Clearly, this child hadn’t gotten the memo that his teacher was in the midst of a existential crisis.  Regardless, I entertained the thought and was once again humbled by the capacity of a child’s mind.

“No,” I replied, “I didn’t know that. Tell me more.”

IMG_3097He continued, very dubiously referring to Einstein’s Theory of Relativity, and as he spoke, the complexity of this theory crumbled into simplicity.  As time progresses, and as we age, time begins to warp, kind of like a shiny hologram.  It feels faster–and not just because we’re getting older–but because one year, in relation to the duration of our whole lives, gets smaller and smaller each year we are alive.

Take, for instance, one year at the prime age of ten. That one year feels like an eternity, and why?  Because it comprises an entire ten percent of that child’s life.  But one year at 25 feels like much less.  In fact, at 25, one year has only amassed four percent of that twenty-something’s life at that point, and because of that, it passes in what feels like the snap of a finger, and eventually… the blink of an eye.

And I’ll be honest.  This twenty-something is really starting to feel it.

I remember feeling this way, too, when I was younger.  As a kid, I remember being absolutely caught up in change–change of seasons, change of months, change of years.  I found the idea that we could so suddenly and so abruptly transition from one phase to the next, with the mere passing of a moment, absolutely fascinating.  One second it was fall, and then all of a sudden, it became spring; when I’d go to bed, it would be February, but when I’d wake, it would be March.

The most puzzling part of it all, though, is that the line between two of these seemingly discernible phases is actually invisible.  It’s so fine and so thin that we can’t actually see it.  It passes in a mere instant, and when we’re on the other side of it, the previous side becomes but a memory, so visceral that it can almost be touched, but so invisible that it evades our grasp when we actually try to reach out and touch it.

And I felt that today as I left Chicago.

I got here a mere week ago, and my flight could not have seemed longer when arriving.  I felt as though we dragged through the air, the winds pushing instead of pulling me home.  But when I got there, I felt like I had the world at my feet.  A week of seeing my family, my friends, my love.  And today, as I drove to the airport, I felt us inch along in the fastest bumper to bumper traffic of which I’d ever been a part.  My heart raced and I saw that infamous line approach–the line between future and past, the line between memory and present reality.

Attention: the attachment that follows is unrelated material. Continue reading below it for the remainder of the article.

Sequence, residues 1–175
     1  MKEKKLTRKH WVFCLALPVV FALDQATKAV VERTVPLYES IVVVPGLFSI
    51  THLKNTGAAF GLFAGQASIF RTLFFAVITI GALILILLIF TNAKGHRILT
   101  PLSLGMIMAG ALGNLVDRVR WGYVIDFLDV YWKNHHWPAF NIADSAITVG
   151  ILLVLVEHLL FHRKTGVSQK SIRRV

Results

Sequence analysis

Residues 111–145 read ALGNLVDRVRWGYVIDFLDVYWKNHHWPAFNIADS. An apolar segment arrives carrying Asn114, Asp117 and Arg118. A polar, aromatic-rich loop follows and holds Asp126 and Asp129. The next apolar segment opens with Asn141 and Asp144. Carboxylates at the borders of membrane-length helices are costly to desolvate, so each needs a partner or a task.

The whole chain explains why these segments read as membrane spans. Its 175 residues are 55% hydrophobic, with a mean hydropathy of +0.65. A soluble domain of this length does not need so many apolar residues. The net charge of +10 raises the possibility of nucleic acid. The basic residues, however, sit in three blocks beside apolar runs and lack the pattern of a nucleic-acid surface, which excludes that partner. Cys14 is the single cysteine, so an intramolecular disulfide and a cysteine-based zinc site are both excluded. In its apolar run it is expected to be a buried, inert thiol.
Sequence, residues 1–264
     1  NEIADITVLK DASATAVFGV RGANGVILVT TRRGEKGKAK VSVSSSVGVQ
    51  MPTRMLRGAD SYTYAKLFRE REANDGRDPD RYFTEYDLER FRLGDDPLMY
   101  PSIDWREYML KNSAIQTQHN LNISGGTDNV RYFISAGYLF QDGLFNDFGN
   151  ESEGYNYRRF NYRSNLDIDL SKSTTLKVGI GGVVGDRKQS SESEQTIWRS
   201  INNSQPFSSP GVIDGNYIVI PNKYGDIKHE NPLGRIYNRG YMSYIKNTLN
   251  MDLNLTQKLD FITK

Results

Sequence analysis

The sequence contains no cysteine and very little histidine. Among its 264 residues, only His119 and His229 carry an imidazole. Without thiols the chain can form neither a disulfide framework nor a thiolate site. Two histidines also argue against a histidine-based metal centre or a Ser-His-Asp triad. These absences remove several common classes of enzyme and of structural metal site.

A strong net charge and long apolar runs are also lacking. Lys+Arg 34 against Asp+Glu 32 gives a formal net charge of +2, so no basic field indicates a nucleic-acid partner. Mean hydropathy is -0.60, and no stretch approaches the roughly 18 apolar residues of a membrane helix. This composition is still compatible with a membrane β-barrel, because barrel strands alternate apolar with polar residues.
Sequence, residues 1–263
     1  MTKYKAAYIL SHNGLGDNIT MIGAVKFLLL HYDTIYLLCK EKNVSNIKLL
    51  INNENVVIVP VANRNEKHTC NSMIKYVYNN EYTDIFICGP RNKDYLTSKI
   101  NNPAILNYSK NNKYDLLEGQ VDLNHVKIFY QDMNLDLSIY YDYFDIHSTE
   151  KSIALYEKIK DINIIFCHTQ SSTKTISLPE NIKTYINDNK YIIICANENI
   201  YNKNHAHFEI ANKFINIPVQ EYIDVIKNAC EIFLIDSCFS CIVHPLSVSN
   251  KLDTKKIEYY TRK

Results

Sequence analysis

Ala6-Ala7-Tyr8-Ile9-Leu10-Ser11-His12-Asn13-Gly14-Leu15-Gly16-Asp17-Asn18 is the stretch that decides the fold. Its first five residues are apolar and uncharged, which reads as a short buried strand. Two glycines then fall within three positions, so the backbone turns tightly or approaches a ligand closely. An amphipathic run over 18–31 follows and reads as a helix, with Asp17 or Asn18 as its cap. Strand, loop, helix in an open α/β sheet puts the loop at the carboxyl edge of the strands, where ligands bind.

And now, as I sit on a plane, headed back to my home in San Francisco, I look back on the week fondly, while still feeling the memories so palpably bubbling in my mind.

I attempt to reach out to touch them, but they slowly and mockingly evade my grasp.

It Feels Like Home

photo (12)The flat beauty and gorgeous grace of the Chicago grid met my eyes the other night.  I hopped on a plane in the late afternoon in San Francisco, and over the course of what seemed like four of the longest hours of my life, I slowly made my way back to the place I call “home.”

It’s interesting how we can be gone for so short a time, but forget so much of what we used to know.

At first, as I descended from the night sky into the airport, I was taken aback by just how flat the land is in the Midwest.  It was like an open and never-ending expanse; in the distance I could see lines of light that seemed to intersect somewhere far away beyond my eyes’ reach.

I got off the plane, after anxiously waiting behind rows and rows of airline patrons begrudgingly moving their way out of the carrier.  I could smell the familiar smells of Chicago–the aroma that the crispness of fall welcomes and the charming city odor that seems to stain stone surfaces all around.  It reminded me of home–of the place that grew up, the place in which I had made the vast majority of my memories thus far.

My feet seemed to be walking about half the speed my brain wanted them to, like I was in a slow-motion dream–the kind where you try to run, but your body feels held down by a force of gravity ten times its normal intensity.

In the back of my mind, though, sat San Francisco, and I thought of my new life that I’d created.  I suddenly felt huddled between these two parallel lives–these two seemingly mirrored parts of myself that were both so palpable in this moment of transition to and from both of my homes–and that no one knew entirely but me.

I reached the end of O’Hare’s long corridor, and descended down the escalator.  My heart was still racing with anticipation, as I was thrilled to be back.  I reached the bottom of the moving stairs, and before I could even look around, I saw a figure standing in the distance, leaning against one of the tall pillars, holding a small balloon, about the size of my fist, with “I love you” emblazoned across it.

With a firm hug and closed eyes, I remembered that home isn’t actually a place at all.  It’s a state of being, a state of mind, and an absolute presence.  It’s comfort.  It’s unconditional love.  It’s safety.

And we all can have that, no matter our location.